Louis (Gaspard Ulliel) has kept a secret from his family that is hanging heavily in his mind, not least because he left them behind twelve years ago and has had no desire to return. The secret has not been with him for that length of time, but it has changed his outlook on life since it will effectively end it soon: he is terminally ill so has opted, with the short period of existence he has left to him, to tell his family what he really thinks of them and with any luck reach some form of mutual respect. It's not as if they hated him and were glad to see the back of him, more that he found being in their presence suffocating, to the extent that while his sister Suzanne (Léa Seydoux) offered to drive him back from the airport, he preferred to take a taxi home...
Once again the things you can and cannot say to your family, but may well wish you could, were preying on director Xavier Dolan's mind and so it was he adapted a play by the writer Jean-Luc Lagarce who had passed away from AIDS in 1995, around twenty years before this was filmed by the Canadian. It had been one of his final works, written when he knew that the disease was more or less a death sentence, therefore it carried a lot of portent and resonance; he had not been much lauded when he was alive, but his efforts were rediscovered after he was gone, so he genuinely could be said to have lived on in his art, though largely in French-speaking territories as this film would likely be the first instance non-French audiences would have encountered him.
Was it a good introduction? Given that there was a lukewarm response at best among English speakers, particularly those who were cultural commentators, you would be tempted to say no, though the combination of a lot of famous French actors and a well-known playwright with Dolan's associated interest meant it was a fair-sized success in France. Some would have it that you needed to be able to understand the language to pick up on every nuance, but Dolan himself wrote the English subtitles (part of his seriously hands-on approach to his vocation) and they were sympathetic enough that you could pick up from the cast's inflections and expressions what the overall meaning of each scene was.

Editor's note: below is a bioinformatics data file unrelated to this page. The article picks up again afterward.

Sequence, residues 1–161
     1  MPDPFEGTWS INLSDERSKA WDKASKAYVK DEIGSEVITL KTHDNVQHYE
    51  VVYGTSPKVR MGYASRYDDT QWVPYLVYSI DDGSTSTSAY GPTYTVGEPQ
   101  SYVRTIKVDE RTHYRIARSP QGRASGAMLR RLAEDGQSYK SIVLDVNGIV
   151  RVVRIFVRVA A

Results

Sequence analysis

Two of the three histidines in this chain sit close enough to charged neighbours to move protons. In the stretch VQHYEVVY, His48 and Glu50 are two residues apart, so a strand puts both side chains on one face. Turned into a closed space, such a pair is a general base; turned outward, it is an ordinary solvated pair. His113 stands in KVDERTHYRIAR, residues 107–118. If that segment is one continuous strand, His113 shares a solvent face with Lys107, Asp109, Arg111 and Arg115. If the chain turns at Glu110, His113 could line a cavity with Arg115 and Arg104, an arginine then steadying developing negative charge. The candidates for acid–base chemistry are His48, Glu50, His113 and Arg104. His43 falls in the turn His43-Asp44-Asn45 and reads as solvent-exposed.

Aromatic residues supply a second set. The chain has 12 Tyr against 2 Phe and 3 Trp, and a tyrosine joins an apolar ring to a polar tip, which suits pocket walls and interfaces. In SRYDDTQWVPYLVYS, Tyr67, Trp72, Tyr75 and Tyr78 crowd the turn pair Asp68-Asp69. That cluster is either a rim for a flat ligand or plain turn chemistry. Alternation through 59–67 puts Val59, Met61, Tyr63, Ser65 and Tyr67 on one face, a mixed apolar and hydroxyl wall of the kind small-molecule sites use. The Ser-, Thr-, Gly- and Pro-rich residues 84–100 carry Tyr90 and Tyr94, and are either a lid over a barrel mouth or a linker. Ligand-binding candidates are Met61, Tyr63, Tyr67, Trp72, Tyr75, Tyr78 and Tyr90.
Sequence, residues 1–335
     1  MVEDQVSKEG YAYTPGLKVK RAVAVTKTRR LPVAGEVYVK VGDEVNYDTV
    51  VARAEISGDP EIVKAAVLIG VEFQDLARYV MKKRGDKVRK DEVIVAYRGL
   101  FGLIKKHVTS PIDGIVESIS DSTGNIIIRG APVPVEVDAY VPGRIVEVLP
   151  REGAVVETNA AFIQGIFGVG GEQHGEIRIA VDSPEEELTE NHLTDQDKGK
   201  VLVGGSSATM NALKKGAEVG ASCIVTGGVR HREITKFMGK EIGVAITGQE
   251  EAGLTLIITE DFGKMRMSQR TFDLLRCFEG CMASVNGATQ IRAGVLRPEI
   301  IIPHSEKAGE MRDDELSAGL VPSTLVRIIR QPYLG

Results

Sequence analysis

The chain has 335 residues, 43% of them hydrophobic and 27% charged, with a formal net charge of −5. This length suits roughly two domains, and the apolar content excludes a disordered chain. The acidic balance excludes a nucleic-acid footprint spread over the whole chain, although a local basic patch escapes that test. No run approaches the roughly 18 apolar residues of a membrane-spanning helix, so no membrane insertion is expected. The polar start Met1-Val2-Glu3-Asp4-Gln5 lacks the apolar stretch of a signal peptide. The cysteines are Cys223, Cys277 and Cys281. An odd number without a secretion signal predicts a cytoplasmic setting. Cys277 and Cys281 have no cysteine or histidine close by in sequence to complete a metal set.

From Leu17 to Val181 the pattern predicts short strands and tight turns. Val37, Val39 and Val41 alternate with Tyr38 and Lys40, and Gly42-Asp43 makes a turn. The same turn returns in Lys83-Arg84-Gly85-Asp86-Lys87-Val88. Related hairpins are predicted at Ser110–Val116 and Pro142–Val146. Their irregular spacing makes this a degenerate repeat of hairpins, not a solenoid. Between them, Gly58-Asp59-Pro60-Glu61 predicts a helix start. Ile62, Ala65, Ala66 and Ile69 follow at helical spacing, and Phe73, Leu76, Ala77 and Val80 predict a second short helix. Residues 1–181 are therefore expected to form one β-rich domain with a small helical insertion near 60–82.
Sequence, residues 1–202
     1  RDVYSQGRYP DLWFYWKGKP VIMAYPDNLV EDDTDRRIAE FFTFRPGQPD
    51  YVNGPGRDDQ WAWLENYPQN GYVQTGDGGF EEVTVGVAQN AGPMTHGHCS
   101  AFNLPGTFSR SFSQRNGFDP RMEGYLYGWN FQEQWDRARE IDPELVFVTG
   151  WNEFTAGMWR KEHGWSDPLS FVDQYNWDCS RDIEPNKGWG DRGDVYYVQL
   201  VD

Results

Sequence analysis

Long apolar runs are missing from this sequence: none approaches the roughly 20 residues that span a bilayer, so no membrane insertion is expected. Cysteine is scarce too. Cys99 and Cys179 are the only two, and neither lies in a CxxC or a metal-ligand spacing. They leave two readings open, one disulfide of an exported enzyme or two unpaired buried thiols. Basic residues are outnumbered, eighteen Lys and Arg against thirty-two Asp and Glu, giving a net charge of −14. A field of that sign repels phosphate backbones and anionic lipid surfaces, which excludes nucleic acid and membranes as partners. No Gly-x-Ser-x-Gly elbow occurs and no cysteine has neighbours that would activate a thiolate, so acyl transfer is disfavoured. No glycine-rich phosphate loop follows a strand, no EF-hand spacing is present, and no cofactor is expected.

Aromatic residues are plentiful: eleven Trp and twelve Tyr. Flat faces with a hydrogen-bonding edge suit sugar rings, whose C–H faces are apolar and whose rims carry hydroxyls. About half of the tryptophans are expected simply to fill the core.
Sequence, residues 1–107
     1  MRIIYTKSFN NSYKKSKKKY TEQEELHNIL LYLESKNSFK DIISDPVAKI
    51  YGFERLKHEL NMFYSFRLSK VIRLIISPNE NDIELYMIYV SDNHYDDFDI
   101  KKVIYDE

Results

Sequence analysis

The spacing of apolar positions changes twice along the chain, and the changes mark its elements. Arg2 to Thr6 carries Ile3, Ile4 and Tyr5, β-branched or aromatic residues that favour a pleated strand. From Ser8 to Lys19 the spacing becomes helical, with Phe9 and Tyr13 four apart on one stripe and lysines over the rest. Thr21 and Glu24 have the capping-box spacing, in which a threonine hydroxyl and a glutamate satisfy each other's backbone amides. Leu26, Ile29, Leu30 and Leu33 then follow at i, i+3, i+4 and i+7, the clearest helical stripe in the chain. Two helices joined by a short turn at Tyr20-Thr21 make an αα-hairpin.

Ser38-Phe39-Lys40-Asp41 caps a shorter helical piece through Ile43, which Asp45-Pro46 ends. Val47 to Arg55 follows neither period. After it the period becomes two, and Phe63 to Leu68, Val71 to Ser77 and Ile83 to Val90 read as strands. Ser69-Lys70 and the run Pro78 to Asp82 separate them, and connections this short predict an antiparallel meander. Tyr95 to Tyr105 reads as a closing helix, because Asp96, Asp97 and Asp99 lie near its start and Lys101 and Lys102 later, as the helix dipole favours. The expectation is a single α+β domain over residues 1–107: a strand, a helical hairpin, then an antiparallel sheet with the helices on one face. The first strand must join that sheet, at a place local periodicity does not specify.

Indeed, Dolan did a very good job of achieving a universality to the family drama, mainly in the way he focused in tight closeups on the performers' faces so there was no getting away from either what the suggestion in what they were not saying or what they actually were. Louis' trouble is one of a lack of articulation, ironic in a man for whom words are his business, and as the afternoon rolls by he discovers precisely how difficult it is to admit to his mother (Nathalie Baye), brother Antoine (Vincent Cassel) and sister that he is dying. Only the person he has met for the first time, his sister-in-law Catherine (Marion Cotillard), perceives what is going unsaid, but she is too timid to encourage Louis to bring it out into the open even as he realises she has twigged why he returned to face them all after so long away.
The theme of things going unsaid, important things at that, was there in the fact that the protagonist was not about to state outright why he left, but a single afternoon with this lot and you can well believe that for a sensitive, gay young man they would simply be too overbearing to have a heart to heart with, they are the stars of their own lives and consider everyone else supporting players, so reaching out to a troubled family member would be beyond them. We see idyllic flashbacks occasionally as Louis's memories come back to haunt him, and can accept that he could even be nostalgic about the boorish Antoine or the in his face mother, but also that a few hours spent with them would be more than enough and he would have to scurry back to the relative peace of his "real life". In truth, Dolan did not quite prevent a monotony creeping in as Louis had to confront each character in turn, except confronting them was not what he was capable of, so we had to consider how they would recall this afternoon after he had left forever for the emotional impact to register. Nevertheless, a potent work if you took the opportunity to chew it over. Music by Gabriel Yared.